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Make a bridge using straws

Updated: Jun 3, 2020

“Scientists investigate that which already is; Engineers create that which has never been!”

Why not take our first little footsteps towards the future of our mini-engineers. This footstep will be to design and create a model of a simple load-bearing bridge in order to understand different geometric shapes and determine how shapes affect the strength of the object made.


To design bridges, engineers perform a careful analysis of bridge geometries and the anticipated applied loads so that they can determine the exact place of the reaction forces. Engineers also consider the most effective materials to achieve a balance of tension and compression. Engineers determine the bridge type, design, and materials; analyze site conditions, geologic and environmental factors; and establish detailed design plans and budget/funding schedules.

Types of Bridges: Arch, Beam, Suspended, Truss, Cable Stay


  • Plastic Drinking Straws

  • Double-sided tape or glue

  • Popsicle sticks

  • Scissors


  1. Take 4 equals length straws, place them horizontally and glue them together

  2. Take 2 equal length straws and cut them from the center

  3. Take a popsicle stick horizontally and attach one half of the straw at one end and the other half on the other end

  4. Take another popsicle stick and do the same at the bottom

  5. Repeat step 2 & 3, with another set of popsicle sticks

  6. Stick the previously made bunch of straws in the middle of the two horizontal supports made earlier using a double-sided tape

  7. Cut ¼ size of a straw and stick it horizontally at the upper side of the two vertical supports

  8. Try different shapes in constructing your bridge using straws and understand the fundamentals

Learning Opportunity:

  • The three most popular bridge designs are: beam, arch, and suspension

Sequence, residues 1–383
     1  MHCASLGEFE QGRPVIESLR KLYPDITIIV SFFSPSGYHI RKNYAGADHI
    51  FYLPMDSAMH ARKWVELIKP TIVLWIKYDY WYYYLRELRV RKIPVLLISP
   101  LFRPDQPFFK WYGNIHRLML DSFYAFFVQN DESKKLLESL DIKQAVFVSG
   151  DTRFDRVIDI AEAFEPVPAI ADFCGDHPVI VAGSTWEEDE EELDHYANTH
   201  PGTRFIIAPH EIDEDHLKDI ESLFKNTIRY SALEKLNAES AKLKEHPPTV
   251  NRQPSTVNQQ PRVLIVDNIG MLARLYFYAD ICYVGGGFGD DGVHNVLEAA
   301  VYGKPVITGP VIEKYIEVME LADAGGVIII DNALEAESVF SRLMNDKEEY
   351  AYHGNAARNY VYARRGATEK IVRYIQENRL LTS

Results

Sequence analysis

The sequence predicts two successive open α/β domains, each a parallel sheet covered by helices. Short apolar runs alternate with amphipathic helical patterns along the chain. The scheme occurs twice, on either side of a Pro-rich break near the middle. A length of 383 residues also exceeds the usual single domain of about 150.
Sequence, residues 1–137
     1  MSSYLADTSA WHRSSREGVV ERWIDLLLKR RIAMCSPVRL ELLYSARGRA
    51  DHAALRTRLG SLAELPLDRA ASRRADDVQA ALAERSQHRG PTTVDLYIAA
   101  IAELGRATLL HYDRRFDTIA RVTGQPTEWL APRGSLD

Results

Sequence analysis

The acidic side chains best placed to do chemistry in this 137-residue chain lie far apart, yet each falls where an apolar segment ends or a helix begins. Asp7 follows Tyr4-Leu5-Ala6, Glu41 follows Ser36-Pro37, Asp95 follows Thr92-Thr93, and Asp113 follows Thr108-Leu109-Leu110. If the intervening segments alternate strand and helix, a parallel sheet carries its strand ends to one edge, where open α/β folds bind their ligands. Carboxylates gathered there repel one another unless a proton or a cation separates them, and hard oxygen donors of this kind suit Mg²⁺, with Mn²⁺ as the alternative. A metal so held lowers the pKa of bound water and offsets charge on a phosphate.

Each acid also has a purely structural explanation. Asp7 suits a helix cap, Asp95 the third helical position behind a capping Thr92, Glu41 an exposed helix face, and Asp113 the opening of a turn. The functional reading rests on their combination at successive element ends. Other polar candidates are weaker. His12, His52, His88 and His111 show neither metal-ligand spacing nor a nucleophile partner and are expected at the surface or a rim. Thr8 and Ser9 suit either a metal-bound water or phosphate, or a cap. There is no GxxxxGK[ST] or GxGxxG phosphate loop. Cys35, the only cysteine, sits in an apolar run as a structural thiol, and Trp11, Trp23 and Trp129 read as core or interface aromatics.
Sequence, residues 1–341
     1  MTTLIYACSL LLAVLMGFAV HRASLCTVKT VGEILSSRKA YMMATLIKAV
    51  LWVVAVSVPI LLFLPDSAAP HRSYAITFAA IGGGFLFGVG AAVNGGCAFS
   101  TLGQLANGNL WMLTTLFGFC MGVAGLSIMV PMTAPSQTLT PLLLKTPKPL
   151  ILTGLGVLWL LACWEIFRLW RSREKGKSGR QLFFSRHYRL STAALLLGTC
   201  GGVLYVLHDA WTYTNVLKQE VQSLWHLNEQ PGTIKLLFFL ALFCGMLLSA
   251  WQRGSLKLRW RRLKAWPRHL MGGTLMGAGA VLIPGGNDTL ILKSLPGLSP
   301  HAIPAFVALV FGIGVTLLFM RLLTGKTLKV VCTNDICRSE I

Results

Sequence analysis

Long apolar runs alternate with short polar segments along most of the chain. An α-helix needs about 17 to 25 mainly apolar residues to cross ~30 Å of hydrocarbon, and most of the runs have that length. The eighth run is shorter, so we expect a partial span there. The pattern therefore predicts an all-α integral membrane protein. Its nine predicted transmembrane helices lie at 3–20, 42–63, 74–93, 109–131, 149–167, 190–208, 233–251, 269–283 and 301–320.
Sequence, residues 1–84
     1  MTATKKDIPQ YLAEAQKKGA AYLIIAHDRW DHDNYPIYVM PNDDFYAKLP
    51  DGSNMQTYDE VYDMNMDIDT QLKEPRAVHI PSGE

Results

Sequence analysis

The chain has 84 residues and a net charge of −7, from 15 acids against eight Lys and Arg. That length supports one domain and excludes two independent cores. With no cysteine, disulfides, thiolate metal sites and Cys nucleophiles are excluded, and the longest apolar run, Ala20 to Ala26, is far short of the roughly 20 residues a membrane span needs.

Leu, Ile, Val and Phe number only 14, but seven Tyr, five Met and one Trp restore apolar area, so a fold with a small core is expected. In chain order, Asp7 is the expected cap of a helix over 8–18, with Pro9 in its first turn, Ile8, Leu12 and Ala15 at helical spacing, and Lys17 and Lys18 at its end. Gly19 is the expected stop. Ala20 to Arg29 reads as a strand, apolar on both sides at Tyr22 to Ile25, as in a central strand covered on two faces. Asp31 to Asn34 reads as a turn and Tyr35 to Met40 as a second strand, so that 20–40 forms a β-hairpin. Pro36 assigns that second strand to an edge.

• Beam Bridges: Beam bridges are simple in design and not very expensive to build. These flat bridges connect one road to another. This bridge is often used when one road crosses on top of another road. They are often short, but longer beam bridges can be made from many small pieces connected together. Beam bridges are also used where the ground underneath is not strong enough for a road.

  • Arch Bridges: Arch bridges have a curved shape just like a rainbow to move the downward force across the entire bridge rather than pushing down on one spot. Besides being very strong, arch bridges allow for tall objects like trucks, trains, and boats to travel underneath.

  • Suspension Bridges: Suspension bridges hang in mid-air by lightweight cables high over the water or ground. Modern-day suspension bridges can cover a distance of 2,000-7,000 feet, the best option for long distances; however, they are expensive to build.

Also, explore the types of these famous bridges:

  1. Golden Gate, San Francisco, California

  2. Brooklyn Bridge, New York

  3. Chapel Bridge, Lucerne, Switzerland

  4. Tower Bridge, London, UK

Bonus: Try to recreate any of the above bridges using straws.

Time Required: 10 minutes

Cost: < $2

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